Leiden mutation is not considered a risk factor for idiopathic pulmonary embolism or for arterial thrombosis. In the literature associated with this,  there are reports of an association the mutation with higher incidence of the transient cerebral ischemia and cerebral venous thrombosis. Only in smokers with Leiden mutation was also described a higher incidence of heart attack.

Diagnosis of Leiden mutation

Factor V Leiden mutation is inherited thrombophilia and can be diagnosed only by molecular genetic testing for Factor V (PCR testing). Determining APC-R is not specific, because there is also acquired form of APC-R e.g. in pregnancy, usage of oral contraceptives etc. APC resistance may be triggered simply by reducing the levels of factor V. If one person meets the reduced levels of factor V while being a heterozygote for FV Leiden, this state is referred to as, pseudo homozygous APC resistance ‘.

Incidence of Leiden mutation

Heterozygous Leiden mutation accounts for about 5% among white population, homozygotes F V Leiden occurs 1 in 5,000 people.

Leiden mutation has an interesting dependence on race and geographic factors. Most frequently it has been demonstrated in the Caucasian population of northern countries, especially in Scandinavia and in some northern areas of Germany this mutation was

detected in 20% of the general population. The highest incidence of FV Leiden mutation in Sweden and gradually southwards prevalence rate decreasing, the lowest rate is in Italy and Spain. The incidence of this dominantly inherited mutation in factor V in Europe and North America in whites is   about , 3-15% of the healthy population and in other parts of the world it occurs rather rarely. ence Among  f Europeans and North Americans it is   5%.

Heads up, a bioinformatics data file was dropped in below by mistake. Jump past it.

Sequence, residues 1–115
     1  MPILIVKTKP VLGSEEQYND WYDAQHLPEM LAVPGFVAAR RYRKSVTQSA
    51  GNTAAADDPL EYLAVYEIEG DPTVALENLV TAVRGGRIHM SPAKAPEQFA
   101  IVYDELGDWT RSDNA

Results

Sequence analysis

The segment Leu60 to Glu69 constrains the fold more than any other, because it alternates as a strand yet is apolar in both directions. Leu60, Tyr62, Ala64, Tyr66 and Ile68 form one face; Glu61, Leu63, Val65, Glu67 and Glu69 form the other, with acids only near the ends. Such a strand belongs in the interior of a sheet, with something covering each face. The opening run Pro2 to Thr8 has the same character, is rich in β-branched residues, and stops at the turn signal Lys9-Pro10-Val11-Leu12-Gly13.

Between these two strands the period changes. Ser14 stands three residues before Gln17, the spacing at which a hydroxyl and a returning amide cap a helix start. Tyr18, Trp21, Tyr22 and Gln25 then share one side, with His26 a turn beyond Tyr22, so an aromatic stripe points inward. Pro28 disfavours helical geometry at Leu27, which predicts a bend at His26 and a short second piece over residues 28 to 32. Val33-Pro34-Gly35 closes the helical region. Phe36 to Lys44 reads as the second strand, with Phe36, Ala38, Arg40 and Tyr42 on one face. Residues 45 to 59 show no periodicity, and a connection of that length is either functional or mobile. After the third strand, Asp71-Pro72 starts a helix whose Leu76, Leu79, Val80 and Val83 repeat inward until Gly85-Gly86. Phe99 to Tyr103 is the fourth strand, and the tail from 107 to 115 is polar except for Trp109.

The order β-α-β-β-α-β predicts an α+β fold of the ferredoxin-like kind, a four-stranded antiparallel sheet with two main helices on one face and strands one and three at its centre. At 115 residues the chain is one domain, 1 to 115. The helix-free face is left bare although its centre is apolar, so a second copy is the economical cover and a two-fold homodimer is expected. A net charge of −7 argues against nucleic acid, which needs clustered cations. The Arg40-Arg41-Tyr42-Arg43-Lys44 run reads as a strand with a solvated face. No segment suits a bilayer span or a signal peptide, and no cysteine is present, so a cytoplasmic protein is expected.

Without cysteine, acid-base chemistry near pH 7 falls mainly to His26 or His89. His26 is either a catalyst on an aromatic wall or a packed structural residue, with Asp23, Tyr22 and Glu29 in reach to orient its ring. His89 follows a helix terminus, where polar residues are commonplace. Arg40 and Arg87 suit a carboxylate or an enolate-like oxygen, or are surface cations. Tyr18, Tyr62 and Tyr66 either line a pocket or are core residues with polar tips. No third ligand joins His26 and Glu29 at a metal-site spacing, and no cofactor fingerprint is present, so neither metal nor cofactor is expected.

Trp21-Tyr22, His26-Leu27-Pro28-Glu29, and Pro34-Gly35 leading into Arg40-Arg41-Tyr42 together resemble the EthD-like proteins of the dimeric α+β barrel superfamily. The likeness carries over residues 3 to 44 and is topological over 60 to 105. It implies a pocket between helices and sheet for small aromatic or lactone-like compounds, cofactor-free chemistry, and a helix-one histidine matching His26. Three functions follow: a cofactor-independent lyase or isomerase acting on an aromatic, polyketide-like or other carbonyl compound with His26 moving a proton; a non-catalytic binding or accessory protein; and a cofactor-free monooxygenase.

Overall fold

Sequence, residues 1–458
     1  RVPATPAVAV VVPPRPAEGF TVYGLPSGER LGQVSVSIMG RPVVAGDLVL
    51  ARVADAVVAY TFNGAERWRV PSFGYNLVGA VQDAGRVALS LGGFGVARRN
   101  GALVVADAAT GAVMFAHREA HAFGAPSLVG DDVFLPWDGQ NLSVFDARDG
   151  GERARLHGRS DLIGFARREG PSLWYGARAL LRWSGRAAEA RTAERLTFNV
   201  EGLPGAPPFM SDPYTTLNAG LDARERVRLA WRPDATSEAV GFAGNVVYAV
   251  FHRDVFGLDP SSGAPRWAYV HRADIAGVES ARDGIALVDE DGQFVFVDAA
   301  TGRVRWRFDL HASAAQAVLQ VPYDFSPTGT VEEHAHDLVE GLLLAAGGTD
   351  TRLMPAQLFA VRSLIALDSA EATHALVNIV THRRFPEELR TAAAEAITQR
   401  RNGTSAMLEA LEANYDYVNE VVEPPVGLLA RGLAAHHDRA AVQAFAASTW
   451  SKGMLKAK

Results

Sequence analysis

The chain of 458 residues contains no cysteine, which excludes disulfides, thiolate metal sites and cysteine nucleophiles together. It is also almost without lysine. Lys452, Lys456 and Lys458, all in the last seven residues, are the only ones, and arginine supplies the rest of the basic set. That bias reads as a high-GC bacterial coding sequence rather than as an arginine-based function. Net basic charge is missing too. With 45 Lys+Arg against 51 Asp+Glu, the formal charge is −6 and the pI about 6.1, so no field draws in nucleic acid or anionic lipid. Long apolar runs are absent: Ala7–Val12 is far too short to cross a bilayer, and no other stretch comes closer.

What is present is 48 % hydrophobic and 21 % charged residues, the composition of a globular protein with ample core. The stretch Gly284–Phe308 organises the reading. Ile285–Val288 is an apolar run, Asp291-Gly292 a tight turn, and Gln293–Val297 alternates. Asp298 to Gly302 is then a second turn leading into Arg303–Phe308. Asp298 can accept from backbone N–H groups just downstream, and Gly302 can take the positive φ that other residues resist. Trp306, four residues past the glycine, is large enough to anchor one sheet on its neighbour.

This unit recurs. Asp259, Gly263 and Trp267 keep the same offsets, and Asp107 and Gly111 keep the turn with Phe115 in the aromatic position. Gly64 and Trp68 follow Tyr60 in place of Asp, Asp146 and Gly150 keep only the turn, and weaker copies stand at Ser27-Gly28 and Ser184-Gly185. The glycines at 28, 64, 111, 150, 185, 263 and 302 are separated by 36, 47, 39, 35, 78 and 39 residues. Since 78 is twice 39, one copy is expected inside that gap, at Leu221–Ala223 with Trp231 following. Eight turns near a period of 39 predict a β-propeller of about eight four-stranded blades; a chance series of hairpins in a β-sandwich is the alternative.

Leiden mutation shows a clear ,,founder effect ‘, which was found in population genetic research. This mutation was  formed about 30 to 40 thousand years ago, at a certain ,, founder’’ of white Caucasian origin. Scientists suspect that this thrombophilia brought some genetic advantage to its bearers. For example, serious bleeding injuries that resulted in Nordic conditions quickly into a hemorrhagic shock, in carriers of this mutation caused less bleeding or the loss of blood mutation carriers during childbirth were more moderate. Mutations F V Leiden in the Asian and black population is virtually absent.

Heredity of Factor V Leiden

Leiden mutation is an autosomal intermediate disease. It means that the symptoms occur in homozygotes and heterozygotes. However, at homozygotes are expressed more intensely.

  • Homozygote Leiden mutation – has both alleles mutated and therefore always transmit one mutated allele on offspring, which means that his children are at least heterozygous for this mutation.
  • Heterozygote Leiden mutation – has one healthy and one mutated allele. That means that the mutated allele can be imparted to children but does not have to. This mutation at heterozygous carriers does not have to be passed on to the offspring. When meet the couple of heterozygous for this mutation, their baby may be completely healthy, may be heterozygous or homozygous for this mutation.